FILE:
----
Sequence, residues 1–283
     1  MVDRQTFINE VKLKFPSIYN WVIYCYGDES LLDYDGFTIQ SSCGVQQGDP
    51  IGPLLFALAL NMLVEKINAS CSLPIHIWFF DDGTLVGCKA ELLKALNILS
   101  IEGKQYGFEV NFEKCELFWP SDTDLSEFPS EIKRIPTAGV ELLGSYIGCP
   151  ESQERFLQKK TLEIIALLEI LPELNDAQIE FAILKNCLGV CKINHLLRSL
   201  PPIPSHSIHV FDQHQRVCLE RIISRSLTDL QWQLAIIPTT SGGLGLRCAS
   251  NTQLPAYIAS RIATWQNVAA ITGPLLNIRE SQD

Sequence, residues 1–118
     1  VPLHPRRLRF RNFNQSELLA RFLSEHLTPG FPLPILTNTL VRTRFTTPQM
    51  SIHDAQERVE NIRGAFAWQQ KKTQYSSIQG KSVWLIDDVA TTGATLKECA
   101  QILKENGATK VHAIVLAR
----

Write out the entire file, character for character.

Sequence, residues 1–283
     1  MVDRQTFINE VKLKFPSIYN WVIYCYGDES LLDYDGFTIQ SSCGVQQGDP
    51  IGPLLFALAL NMLVEKINAS CSLPIHIWFF DDGTLVGCKA ELLKALNILS
   101  IEGKQYGFEV NFEKCELFWP SDTDLSEFPS EIKRIPTAGV ELLGSYIGCP
   151  ESQERFLQKK TLEIIALLEI LPELNDAQIE FAILKNCLGV CKINHLLRSL
   201  PPIPSHSIHV FDQHQRVCLE RIISRSLTDL QWQLAIIPTT SGGLGLRCAS
   251  NTQLPAYIAS RIATWQNVAA ITGPLLNIRE SQD

Sequence, residues 1–118
     1  VPLHPRRLRF RNFNQSELLA RFLSEHLTPG FPLPILTNTL VRTRFTTPQM
    51  SIHDAQERVE NIRGAFAWQQ KKTQYSSIQG KSVWLIDDVA TTGATLKECA
   101  QILKENGATK VHAIVLAR